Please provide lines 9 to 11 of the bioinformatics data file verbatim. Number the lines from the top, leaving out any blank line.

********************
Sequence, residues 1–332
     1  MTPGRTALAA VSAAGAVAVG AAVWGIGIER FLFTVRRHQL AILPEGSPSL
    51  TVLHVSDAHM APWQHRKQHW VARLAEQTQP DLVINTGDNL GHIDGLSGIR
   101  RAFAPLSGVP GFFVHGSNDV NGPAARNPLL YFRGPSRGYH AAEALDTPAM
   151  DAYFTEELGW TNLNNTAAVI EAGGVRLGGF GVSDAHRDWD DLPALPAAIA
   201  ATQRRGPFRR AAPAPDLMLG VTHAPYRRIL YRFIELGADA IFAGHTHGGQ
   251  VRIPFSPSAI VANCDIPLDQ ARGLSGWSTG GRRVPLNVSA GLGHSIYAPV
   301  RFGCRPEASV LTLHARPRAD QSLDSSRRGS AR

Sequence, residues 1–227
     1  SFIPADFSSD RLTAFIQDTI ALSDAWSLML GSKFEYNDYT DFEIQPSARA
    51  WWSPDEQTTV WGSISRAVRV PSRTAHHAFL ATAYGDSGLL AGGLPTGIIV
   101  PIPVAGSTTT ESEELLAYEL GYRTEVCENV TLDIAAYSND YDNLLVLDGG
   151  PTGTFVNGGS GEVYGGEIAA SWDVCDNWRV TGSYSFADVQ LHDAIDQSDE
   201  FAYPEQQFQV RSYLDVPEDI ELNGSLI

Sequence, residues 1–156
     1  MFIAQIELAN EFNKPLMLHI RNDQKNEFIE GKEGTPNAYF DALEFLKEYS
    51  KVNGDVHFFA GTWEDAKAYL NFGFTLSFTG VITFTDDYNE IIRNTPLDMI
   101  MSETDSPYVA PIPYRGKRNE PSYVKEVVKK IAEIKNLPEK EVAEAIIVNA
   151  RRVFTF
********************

Sequence, residues 1–227
     1  SFIPADFSSD RLTAFIQDTI ALSDAWSLML GSKFEYNDYT DFEIQPSARA
    51  WWSPDEQTTV WGSISRAVRV PSRTAHHAFL ATAYGDSGLL AGGLPTGIIV